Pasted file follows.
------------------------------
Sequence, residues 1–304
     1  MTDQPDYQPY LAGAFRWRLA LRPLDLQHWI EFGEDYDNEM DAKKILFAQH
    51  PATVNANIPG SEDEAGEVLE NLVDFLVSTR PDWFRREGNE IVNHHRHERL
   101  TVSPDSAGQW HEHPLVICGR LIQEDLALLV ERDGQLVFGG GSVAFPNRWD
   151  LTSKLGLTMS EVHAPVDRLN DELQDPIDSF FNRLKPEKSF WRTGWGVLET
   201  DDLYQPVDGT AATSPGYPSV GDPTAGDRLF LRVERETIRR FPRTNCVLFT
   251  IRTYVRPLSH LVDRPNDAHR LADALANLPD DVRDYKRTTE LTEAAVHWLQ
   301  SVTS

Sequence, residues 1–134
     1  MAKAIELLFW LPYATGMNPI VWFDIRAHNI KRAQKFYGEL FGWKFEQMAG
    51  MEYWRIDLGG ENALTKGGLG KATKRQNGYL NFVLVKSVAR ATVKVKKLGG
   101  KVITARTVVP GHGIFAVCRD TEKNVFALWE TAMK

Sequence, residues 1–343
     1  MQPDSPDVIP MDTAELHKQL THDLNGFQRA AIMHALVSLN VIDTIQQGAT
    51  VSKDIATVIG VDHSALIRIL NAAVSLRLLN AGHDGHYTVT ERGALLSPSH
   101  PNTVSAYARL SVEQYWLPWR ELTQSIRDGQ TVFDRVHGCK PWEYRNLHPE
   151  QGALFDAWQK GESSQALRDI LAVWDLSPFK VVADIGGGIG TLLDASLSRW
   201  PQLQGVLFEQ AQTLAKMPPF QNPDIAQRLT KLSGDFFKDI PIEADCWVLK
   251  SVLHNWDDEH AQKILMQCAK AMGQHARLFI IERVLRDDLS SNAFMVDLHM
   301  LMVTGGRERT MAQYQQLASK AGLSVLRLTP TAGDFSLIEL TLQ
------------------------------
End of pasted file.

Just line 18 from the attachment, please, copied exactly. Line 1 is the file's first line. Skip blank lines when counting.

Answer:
   201  PQLQGVLFEQ AQTLAKMPPF QNPDIAQRLT KLSGDFFKDI PIEADCWVLK